Jokes about shopping addiction are pretty common in modern society. But all kidding aside, some people shop compulsively in the same way others may engage in compulsive gambling or sexual promiscuity. For these people, a very real disorder that can be clinically diagnosed is ruining their lives financially, emotionally, and relationally.

Addiction Helper is fully aware of the existence of compulsive shopping as an addictive disorder. As such, we offer treatment programmes for people in need of help. We work with private rehab clinics and other treatment providers throughout the UK providing a variety of therapies that can help bring an end to disorders involving compulsive shopping.

Basic Principles of Shopping Addiction

The term ‘shopping addiction’ is a relatively generic term that encompasses a number of different conditions including compulsive buying disorder (CBD), compulsive shopping, and oniomania. Exactly what is going on in the mind of the individual sufferer usually determines the clinical diagnosis provided. Clinicians vary in how they view shopping addiction, but the typical diagnosis usually falls under one of the following four categories:

  • Impulse control disorder
  • Obsessive-compulsive disorder
  • Bipolar disorder
  • Clinical addiction.

For practical purposes, it matters not to the sufferer which category his or her problem falls under. The point is that the patient suffers from uncontrollable compulsions to shop and buy. Sufferers feel compelled to buy things they don’t want or need simply because they get a physical and emotional rush from doing so. Many will attempt to stop shopping compulsively but fail time and again.

Clinicians generally agree that shopping addiction in all its forms is triggered by some other underlying cause that may or may not have been previously identified. The cause is a trigger that leads a suffer to use shopping as a means of coping with something else they cannot deal with. Examples of underlying causes include depression, excessive anger, loneliness, and anxiety.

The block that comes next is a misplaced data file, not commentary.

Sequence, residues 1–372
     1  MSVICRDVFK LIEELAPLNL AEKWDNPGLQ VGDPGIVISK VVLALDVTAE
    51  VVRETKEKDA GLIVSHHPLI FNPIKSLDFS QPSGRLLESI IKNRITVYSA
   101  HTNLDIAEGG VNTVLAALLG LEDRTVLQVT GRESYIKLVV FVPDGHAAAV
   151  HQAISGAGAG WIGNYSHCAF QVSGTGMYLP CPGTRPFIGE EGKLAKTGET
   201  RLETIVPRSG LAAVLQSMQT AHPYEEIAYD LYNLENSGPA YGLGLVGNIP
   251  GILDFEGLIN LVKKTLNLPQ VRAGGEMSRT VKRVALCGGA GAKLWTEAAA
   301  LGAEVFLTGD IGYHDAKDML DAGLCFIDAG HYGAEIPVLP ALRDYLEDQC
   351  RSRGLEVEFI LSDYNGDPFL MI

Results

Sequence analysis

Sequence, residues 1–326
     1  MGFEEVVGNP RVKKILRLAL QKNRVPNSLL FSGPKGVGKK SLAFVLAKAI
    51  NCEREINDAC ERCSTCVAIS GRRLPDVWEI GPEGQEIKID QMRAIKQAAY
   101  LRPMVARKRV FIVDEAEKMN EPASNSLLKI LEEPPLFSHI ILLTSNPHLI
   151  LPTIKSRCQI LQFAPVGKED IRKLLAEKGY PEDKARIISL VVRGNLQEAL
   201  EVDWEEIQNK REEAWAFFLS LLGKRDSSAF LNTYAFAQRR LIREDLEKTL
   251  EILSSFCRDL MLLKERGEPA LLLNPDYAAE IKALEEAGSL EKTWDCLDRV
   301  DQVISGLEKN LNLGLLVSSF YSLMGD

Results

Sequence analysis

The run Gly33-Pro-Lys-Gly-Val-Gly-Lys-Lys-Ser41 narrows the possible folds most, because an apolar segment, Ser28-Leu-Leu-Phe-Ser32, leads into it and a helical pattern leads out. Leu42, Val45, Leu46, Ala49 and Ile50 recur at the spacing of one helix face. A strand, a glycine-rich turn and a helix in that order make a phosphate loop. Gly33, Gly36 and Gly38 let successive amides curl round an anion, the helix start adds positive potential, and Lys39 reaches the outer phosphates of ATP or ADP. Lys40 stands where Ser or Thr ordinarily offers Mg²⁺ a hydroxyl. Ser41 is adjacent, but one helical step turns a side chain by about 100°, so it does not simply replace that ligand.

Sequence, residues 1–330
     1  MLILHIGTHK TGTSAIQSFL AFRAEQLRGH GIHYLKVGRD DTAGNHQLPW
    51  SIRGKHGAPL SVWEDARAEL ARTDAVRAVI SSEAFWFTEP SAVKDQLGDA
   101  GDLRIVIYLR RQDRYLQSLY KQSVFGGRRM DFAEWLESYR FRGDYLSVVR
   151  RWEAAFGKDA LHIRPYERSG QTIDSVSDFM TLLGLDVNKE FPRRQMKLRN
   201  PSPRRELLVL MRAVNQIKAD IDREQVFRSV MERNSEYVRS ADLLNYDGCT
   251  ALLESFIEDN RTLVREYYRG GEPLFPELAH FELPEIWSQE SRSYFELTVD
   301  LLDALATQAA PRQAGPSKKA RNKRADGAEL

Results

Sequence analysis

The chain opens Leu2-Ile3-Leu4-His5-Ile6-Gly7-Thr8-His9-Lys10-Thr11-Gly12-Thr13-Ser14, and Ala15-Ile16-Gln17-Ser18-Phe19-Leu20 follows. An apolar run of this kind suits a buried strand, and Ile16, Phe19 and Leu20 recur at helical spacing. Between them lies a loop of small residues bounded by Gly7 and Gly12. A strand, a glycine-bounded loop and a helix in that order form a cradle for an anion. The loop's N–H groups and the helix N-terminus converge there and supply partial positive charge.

Adaptive and Maladaptive Behaviour

The idea of shopping and buying as compulsive behaviours is sometimes complicated by the reality that shopping has been used in the past as an adaptive behaviour. What does this mean? Adaptive behaviours are nothing more than activities a person can engage in as a substitute for other activities that are deemed physically, mentally, or emotionally damaging. Shopping has been recommended by psychotherapists for quite a while as an adaptive behaviour to overcome depression.

This reality has led us to the understanding that some people who suffer from shopping addiction were originally suffering from some other kind of disorder for which shopping was recommended as an adaptive behaviour. At whatever point the shopping transitions from adaptive to maladaptive behaviour the patient begins experiencing increasingly intense shopping compulsions.

Signs and Symptoms of Shopping Addiction

When shopping becomes compulsive, it manifests itself in ways that are easily identifiable by family members and friends. If you know what to look for, you can get a pretty good idea of whether you or someone you care about is dealing with a shopping addiction. The signs and symptoms to look for are: